Friday, December 30, 2016

Daisy Ridley's 2010 high school yearbook photo looks like it came out of the '80s

Marlene Dietrich died with nearly two thousand books in her apartment, many of which included notes where she bitched about people

Favorite uncredited movie role for a well-known actor due to the fact that it would give away a plot point by mentioning them?

Image result for tom cruise tropic thunder

Image result for alec baldwin glengarry glen ross

If a certain actor or actress is known for having played a certain character or a type or role in the past, their presence alone could influence the narrative. I think it never worked better than

Kevin Spacey in "Se7en," the secret was kept so well, remember kids once upon a time there was no internet, and we had no idea what to expect come the reveal of the killer. Not just that, the fact that Spacey knocked that performance out of the park and captured the creepy essence of his role just made the whole thing work magnificently well.

Also, I will always remember the first time Will Ferrell shows up in "Wedding Crashers." He was at his popularity peak by then and when he shows up, not only doesn't he make the film deteriorate, but it ends up being the funniest bit of the whole film.

Some of my favorites:

Kevin Spacey, Se7en
Alec Baldwin, Glengary Glen Ross
Gene Hackman, Young Frankenstein
Mark Hamill, The Force Awakens
Johnny Depp, 21 Jump Street
Tom Cruise, Tropic Thunder
Bill Murray, Zombieland
Robert De Niro, American Hustle
Will Ferrell, Wedding Crashers
Joe Pesci, A Bronx Tale
Natalie Portman, The Darjeeling Limited
Cate Blanchett, Hot Fuzz
Samuel L Jackson, Iron Man
Bruce Willis and Julia Roberts, The Player
Pamela Anderson, Borat
Charlie Sheen, Being John Malkovich
Neil Patrick Harris, Harold and Kumar Go to White Castle
Bob Barker, Happy Gilmore
Tom Cruise, Gwyneth Paltrow, Kevin Spacey, Danny DeVito, and Steven Spielberg, Austin Powers in Goldmember

Other instances when this happened:

Johnny Depp, Fantastic Beasts
Matt Damon, Interstellar, 
Matt Damon, Zero Theorem
Leonard Nimoy, Star Trek III: The Search For Spock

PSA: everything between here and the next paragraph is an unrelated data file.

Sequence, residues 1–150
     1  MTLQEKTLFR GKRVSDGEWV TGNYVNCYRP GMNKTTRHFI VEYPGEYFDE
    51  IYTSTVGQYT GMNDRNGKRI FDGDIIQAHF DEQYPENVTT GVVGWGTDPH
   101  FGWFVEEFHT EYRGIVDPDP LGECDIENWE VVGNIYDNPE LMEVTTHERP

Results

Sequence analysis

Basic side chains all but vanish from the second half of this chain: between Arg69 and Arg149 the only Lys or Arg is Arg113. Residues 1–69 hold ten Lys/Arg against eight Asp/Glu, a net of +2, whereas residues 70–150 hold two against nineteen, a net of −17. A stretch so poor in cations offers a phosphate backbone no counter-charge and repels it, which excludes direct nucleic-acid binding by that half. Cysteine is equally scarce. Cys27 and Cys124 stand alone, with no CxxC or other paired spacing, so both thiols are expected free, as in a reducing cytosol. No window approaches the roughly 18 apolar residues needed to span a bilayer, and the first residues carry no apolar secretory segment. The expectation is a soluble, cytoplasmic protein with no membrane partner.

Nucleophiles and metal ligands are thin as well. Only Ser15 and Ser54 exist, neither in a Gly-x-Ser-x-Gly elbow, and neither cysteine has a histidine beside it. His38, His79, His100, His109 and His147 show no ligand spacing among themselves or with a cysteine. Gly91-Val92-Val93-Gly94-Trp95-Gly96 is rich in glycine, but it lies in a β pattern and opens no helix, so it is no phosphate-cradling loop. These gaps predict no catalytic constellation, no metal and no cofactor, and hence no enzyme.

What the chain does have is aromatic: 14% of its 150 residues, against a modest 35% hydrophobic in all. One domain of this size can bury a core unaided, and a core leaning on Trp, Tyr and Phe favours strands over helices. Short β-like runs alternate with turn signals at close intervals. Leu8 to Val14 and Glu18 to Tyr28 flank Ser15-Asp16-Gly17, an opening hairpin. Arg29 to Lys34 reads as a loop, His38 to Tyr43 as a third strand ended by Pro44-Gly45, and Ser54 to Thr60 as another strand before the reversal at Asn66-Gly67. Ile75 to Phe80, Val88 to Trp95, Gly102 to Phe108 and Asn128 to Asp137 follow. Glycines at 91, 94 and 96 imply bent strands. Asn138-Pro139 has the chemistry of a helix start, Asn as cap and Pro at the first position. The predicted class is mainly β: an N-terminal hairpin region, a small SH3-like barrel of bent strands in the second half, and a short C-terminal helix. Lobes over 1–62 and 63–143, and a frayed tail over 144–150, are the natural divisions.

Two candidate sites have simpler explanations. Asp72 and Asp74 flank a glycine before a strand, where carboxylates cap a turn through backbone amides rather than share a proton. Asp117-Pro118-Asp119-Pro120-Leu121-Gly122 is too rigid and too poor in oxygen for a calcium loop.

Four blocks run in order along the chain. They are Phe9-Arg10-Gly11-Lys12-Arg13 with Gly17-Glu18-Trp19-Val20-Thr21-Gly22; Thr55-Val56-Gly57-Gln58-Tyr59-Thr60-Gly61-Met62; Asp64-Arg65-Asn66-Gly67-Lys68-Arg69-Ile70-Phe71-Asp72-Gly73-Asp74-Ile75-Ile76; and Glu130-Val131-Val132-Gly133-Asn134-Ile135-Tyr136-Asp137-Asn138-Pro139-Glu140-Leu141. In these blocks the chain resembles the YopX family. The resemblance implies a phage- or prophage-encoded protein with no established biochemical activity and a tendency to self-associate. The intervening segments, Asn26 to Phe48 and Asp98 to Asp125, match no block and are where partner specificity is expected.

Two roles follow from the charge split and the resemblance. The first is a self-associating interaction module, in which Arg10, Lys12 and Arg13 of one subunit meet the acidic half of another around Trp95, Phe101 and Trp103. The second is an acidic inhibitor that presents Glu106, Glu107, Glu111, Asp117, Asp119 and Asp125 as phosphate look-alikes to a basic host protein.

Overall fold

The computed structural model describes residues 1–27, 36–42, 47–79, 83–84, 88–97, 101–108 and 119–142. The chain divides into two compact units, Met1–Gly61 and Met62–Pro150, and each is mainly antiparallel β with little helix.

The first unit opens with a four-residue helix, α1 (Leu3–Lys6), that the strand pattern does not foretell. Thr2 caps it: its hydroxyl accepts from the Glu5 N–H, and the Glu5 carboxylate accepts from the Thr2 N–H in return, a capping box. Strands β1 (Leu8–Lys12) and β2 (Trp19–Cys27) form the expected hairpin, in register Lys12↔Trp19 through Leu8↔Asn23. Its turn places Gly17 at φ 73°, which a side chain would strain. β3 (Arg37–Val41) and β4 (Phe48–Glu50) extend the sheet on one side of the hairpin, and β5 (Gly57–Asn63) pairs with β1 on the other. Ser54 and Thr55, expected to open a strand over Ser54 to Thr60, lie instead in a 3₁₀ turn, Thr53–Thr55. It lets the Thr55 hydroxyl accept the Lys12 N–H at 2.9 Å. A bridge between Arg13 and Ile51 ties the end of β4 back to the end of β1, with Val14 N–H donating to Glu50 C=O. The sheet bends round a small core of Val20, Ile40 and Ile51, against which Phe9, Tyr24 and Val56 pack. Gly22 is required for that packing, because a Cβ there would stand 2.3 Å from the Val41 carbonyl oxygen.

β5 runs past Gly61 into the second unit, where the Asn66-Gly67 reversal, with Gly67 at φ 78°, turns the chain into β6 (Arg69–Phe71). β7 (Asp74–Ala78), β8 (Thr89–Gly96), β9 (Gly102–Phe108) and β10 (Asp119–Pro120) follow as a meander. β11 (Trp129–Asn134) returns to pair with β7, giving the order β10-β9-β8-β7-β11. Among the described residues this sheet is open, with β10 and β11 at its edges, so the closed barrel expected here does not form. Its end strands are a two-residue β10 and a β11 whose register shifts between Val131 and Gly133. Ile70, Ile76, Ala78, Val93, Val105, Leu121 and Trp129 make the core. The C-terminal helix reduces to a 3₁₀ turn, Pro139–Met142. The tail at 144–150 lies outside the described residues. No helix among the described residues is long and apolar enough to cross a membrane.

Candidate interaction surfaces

Boris Karloff, Frankenstein
Sean Connery, Robin Hood: Prince of Thieves
Edward Norton, Kingdom of Heaven

Thursday, December 29, 2016

Ben Mendelsohn Says an "Enormously Different" Version Of ROGUE ONE Exists

"We did have multiple, multiple ways of going at any given scenario, we had multiple readings of it," the actor says.

We all know that reshoots happened with "Rogue One: A Star Wars Story" We also know that Gareth Edwards got pushed aside to make way for screenwriter Tony Gilroy, who got payed more than $5 Million for them. You don't get payed that much for just rewrites. Make no mistake about it, he was part of the film-making process. 

Reshoots are an infringement on the voice of the director and only result in a jumbled heap of incohesive scenes that independently look great, but, when combined, damage the original message and limit a developed story. Add in the fact that the original director got tossed aside for another one to take over and you're bound to have a lot of extra/unused material.

For more on the production mess of "Rogue One" click HERE

It is then no surprise that Ben Mendelsohn, who plays Orson Krennic in "Rogue One," mentioned to Collider about an 'enormously different' other version of the film:

"We did have multiple, multiple ways of going at any given scenario, we had multiple readings of it,"

"So should they ever decide to, there would be a wealth of ways of approaching these different things. And I know from having seen sort of the crucial kind of scenes throughout it, I know there’s vastly different readings of at least four of those scenes.

“enormous differences within, I would’ve said 20 or 30 of the scenes. There really would be. There would be enormously different renderings.”